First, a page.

The trouble with those who assume that there was no study of science and practically no attention to nature study in the Middle Ages is that they know nothing at all at first hand about the works of the men who wrote in the medieval period. They have accepted declarations with regard to the absolute de pendence of the scholastics on authority, their almost divine worship of Aristotle, their utter readiness to accept authoritative assertions provided they came with the stamp of a mighty name, and then their complete lack of attention to observation and above all to experiment. Nothing could well be more ridiculous than this ignorant assumption of knowledge with regard to the great teachers at the medieval universities. Just as soon as there is definite knowledge of what these great teachers wrote and taught, not only does the previous mood of blame for them for not paying much more attention to science and nature at once disappear, but it gives place to the heartiest admiration for the work of these great thinkers. It is easy to appreciate, then, what Professor Saintsbury said in a recent volume on the thirteenth century:
And there have even been in these latter days some graceless ones who have asked whether the science of the nineteenth century after an
equal interval will be of any more positive value whether it will not have even less comparative interest than that which appertains to the scholasticism of the thirteenth.
Three men were the great teachers in the medieval universities at their prime. They have been read and studied with interest ever since. They wrote huge tomes, but men have pored over them in every generation. They were Albertus Magnus, the teacher of the other two, Thomas Aquinas and Roger Bacon. All three of them were together at the University of Paris shortly after the middle of the thirteenth century. Anyone who wants to know any. thing about the attitude of mind of the medieval universities, their professors and students, and of all the intellectual world of the time towards science and observation and experiment, should read the books of these men. Any other mode of getting at any knowledge of the real significance of the science of this time is mere pretence. These constitute the documents behind any scientific history of the development of science at this time.
It is extremely interesting to see the attitude of these men with regard to authority. In Albert's tenth book (of his “ Summa"), in which he catalogues and describes all the trees, plants, and herbs known in his time, he observes : “ All that is here set down is the result of our own experience, or has been borrowed from authors whom we know to have written what their personal experience has confirmed; for in these matters experience alone can be of certainty.” In his impressive Latin phrase “ experimentum solum certificat in talibus." With regard to the study of nature in general he was quite as emphatic. He was a theologian as well as a scientist, yet in his treatise on “ The Heavens and the Earth” he declared that “in studying nature we have not to inquire how God the Creator may, as He freely wills, use His creatures to work miracles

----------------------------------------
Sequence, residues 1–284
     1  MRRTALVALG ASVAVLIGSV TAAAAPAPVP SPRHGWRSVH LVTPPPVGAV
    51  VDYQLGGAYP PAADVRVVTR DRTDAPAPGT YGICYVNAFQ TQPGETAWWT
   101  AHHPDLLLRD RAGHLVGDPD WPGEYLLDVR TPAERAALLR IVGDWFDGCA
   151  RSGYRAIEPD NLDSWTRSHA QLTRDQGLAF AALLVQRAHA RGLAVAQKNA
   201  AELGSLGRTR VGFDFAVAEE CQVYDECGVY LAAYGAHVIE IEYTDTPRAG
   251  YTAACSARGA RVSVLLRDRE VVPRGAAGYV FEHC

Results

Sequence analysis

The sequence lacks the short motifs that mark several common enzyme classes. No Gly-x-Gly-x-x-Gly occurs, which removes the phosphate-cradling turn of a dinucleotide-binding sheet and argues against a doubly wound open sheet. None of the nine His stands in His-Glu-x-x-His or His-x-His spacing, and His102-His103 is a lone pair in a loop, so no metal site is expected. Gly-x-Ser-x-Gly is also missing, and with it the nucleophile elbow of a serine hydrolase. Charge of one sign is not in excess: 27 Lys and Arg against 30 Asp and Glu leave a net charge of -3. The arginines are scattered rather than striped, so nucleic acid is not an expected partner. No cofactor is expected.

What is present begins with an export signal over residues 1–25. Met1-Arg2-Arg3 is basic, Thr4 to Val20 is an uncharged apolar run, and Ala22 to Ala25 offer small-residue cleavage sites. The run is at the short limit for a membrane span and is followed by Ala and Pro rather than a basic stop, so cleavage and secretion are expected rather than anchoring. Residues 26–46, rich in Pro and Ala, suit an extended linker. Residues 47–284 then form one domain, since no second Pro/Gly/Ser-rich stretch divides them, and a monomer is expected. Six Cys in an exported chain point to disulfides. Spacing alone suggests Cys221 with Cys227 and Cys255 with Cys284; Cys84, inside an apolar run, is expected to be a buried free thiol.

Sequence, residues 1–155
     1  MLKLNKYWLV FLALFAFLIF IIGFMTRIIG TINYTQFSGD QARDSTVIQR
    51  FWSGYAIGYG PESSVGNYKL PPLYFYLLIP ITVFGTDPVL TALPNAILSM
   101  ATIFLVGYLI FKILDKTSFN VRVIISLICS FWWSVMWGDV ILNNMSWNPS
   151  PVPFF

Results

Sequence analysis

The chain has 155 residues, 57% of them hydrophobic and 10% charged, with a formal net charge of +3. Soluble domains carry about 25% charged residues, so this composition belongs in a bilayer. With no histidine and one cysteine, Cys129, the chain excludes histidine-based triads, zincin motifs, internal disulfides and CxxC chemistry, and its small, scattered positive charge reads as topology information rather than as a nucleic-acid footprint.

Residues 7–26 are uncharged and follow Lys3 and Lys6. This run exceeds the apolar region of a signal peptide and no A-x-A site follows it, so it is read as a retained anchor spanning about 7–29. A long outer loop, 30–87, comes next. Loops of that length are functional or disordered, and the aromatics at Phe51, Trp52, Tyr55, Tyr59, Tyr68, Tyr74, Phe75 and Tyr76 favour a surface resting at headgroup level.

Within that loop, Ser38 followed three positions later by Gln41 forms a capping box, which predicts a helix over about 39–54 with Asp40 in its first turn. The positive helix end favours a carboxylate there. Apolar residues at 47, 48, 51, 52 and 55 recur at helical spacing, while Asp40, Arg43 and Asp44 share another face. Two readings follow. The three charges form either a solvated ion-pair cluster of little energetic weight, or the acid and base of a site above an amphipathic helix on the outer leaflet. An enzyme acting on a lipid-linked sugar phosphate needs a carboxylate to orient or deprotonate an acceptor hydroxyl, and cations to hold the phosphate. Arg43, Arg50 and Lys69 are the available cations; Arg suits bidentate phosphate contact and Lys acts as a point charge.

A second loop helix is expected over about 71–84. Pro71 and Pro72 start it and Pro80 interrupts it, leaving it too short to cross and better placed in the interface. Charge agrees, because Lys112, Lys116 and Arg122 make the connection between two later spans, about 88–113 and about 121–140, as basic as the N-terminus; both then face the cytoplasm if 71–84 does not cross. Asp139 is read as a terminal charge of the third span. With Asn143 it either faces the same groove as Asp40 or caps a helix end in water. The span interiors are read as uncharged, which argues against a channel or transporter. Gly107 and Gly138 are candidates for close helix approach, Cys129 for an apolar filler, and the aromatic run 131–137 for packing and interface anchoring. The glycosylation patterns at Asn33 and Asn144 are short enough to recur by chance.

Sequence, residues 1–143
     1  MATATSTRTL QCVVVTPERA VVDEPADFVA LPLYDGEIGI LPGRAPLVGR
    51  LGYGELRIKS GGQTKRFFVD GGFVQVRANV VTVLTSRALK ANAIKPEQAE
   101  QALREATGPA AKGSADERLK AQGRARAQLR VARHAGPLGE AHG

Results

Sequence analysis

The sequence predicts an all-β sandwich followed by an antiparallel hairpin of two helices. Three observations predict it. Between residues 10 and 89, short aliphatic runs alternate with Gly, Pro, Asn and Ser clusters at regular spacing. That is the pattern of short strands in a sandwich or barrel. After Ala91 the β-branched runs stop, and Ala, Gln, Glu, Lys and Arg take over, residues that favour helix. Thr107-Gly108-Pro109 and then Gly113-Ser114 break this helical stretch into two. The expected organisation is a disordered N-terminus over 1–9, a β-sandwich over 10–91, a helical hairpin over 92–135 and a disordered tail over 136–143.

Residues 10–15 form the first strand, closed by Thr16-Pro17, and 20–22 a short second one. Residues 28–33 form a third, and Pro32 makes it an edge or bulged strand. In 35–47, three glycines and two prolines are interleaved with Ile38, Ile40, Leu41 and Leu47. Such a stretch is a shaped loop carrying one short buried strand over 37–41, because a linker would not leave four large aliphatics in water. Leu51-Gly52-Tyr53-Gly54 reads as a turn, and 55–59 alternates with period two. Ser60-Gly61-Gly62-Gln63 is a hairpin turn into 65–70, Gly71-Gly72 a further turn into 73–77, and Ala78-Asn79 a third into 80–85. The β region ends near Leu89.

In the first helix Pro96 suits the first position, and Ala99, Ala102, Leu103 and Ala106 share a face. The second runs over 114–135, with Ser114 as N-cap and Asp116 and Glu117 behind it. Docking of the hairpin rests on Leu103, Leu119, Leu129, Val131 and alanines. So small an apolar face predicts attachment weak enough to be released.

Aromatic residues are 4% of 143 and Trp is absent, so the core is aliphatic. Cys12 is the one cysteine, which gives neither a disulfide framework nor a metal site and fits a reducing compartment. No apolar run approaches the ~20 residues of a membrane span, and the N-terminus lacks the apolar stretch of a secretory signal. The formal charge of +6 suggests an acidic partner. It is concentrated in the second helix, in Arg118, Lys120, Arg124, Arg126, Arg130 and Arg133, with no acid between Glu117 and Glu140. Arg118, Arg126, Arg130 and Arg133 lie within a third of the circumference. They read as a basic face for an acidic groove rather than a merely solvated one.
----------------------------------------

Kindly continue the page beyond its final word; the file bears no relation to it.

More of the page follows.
and thereby show forth His power. We have rather to inquire what nature with its immanent causes can naturally bring to pass.” 1
Just as striking quotations on this subject might be made from Roger Bacon. Indeed, Bacon was quite impatient with the scholars around him who talked over-much, did not observe enough, depended to excess on authority, and in general did as mediocre scholars always do, made much fuss on second-hand information-plus some filmy speculations of their own. Friar Bacon, however, had one great pupil whose work he thoroughly appreciated because it exhibited the opposite qualities. This was Petrus we have come to know him as Peregrinus—whose observations on magnetism have excited so much attention in recent years with the republications of his epistle on the subject. It is really a monograph on magnetism written in the thirteenth century. Roger Bacon's opinion of it and of its author furnishes us the best possible index of his attitude of mind towards observation and experiment in science.
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I know of only one person who deserves praise for his work in experimental philosophy for he does not care for the discourses of men and their wordy warfare, but quietly and diligently pursues the works of wisdom. Therefore what others grope after blindly, as bats in the evening twilight, this man contemplates in their brilliancy because he is a master of experiment. Hence, he knows all of natural science whether pertaining to medicine and alchemy, or to matters celestial or terrestrial. He has worked diligently in the smelting of ores as also in the working of minerals; he is thoroughly acquainted with all sorts of arms and implements used in military service and in hunting, besides which he is skilled in agriculture and in the meas. urement of lands. It is impossible to write a useful or correct treatise in experimental philosophy without mentioning this man's name. Moreover, he pursues knowledge for its own sake; for if he wished to obtain royal favor, he could easily find sovereigns who would honor and enrich him.
Similar expressions might readily be quoted from Thomas Aquinas, but his works are so easy to secure 1" De Cælo et Mundo,” 1, tr, iv., x.